Children’s language development was tested at 21 months in their homes.40 Their mental development (Mental Development Index [MDI]) was tested at 24 months in the laboratory.41 Language and MDI were analyzed as both continuous and dichotomous outcomes. Children with language scores <85 were classified as delayed.40 Children with MDI scores <77 (>1.5 SD below the population mean of 100) were classified as developmentally delayed as this is a typical threshold for referring children for developmental services. Although these variables are not independent of one another, each provides different information about the outcome. Mothers reported on their children’s irritability at 6 months42 and behavior problems at 24 months.43
Statistical Models and Methods of Analysis
Data analyses were conducted on all cases for which outcome data were available, irrespective of the degree to which families participated in the programs. The tables show trends (P < .10), but we report in the text only findings at P ≤ .05 (2-tailed tests).
The primary statistical model consisted of treatments (3 levels), maternal psychological resources (high vs low), and the interaction between these 2 classification factors. In addition, 5 covariates were included to control for nonequivalence among the treatment groups at intake (ie, where the probability for any treatment contrast was <.10): maternal age, housing density, whether the mother registered in the study after 28 weeks of gestation, maternal conflict with her partner, and maternal conflict with her mother. All covariates were examined for homogeneity of regressions.44 The results reported below are virtually identical for models both with and without covariates. Results are shown for the models with covariates. Planned contrasts focused on the test of nurse versus control and paraprofessional versus control. For mother-child interaction, home environment, and child outcomes, treatment group contrasts are reported for the low psychological resources group as well as the whole sample.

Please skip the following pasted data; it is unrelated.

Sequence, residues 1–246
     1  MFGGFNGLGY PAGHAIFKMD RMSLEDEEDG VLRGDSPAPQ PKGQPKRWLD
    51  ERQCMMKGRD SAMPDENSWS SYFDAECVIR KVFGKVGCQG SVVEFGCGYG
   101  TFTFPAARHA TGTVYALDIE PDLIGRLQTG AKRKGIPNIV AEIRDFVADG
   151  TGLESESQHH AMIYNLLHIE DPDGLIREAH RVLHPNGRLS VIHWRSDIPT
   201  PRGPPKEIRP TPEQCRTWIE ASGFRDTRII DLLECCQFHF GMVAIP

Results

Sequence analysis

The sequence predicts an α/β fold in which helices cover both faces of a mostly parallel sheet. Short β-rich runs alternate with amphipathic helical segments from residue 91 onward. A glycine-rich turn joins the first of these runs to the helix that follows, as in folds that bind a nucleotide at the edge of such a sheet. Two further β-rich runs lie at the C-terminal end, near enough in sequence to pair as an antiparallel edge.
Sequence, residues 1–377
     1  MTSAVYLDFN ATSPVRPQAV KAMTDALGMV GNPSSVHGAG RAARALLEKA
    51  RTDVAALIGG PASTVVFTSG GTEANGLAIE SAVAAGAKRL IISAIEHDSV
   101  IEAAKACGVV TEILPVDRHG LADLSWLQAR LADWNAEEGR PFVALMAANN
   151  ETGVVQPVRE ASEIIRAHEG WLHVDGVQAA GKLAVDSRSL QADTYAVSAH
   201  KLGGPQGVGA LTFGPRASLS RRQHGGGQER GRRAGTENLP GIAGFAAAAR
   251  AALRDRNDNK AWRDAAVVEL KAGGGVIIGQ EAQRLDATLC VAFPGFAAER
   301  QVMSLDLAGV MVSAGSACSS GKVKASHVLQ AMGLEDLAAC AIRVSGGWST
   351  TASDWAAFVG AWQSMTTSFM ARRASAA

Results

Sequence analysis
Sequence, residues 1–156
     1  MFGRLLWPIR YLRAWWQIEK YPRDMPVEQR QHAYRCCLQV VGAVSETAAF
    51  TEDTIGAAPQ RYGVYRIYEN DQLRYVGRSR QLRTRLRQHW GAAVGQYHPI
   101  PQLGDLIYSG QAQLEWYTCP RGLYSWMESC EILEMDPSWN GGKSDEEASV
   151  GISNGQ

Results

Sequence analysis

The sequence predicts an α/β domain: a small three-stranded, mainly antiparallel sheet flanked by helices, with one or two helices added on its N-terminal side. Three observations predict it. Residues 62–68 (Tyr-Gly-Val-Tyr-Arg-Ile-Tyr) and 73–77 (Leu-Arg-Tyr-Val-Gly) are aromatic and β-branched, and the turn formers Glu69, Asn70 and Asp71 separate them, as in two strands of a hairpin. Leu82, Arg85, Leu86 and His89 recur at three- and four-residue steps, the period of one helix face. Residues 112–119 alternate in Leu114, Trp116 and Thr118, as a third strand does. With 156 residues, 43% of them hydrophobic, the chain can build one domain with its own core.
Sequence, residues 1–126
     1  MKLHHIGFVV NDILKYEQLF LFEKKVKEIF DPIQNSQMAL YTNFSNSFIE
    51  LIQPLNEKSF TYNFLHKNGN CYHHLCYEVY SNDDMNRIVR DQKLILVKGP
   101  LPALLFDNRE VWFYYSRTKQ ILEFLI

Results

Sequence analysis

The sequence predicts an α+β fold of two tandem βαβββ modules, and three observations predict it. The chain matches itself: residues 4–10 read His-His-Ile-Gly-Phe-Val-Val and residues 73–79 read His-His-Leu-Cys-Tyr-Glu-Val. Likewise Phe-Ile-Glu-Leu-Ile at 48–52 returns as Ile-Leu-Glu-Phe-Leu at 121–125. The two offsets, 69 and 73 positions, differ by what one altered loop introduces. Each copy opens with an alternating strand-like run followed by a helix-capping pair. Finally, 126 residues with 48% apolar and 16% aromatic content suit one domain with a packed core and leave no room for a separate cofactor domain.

Maternal age moderated the effect of the nurse program on duration of maternal employment, a conditional effect consistent with earlier findings.13 Therefore, when maternal employment outcomes were analyzed, maternal age as a classification factor (<19 years vs ≥19 years) and its interaction with other classification factors were added to the primary model, and the maternal age covariate was removed.
Continuous dependent variables were analyzed in the general linear model and dichotomous outcomes in the logistic model.
The analysis of change in cotinine during pregnancy was limited to women identified as smokers at intake. Examination of residuals for the reduction in cotinine revealed atypical values in both positive and negative directions in all 3 treatment groups. A transformation to ranks was used to deal with this problem. To report estimates and confidence intervals in the original scale, we also analyzed the original data after replacing values beyond the inner fence of a box and whisker plot with the value at the inner fence. The P values from this truncated data analysis were virtually identical to the analysis of ranks, so the results are reported from the truncated analysis.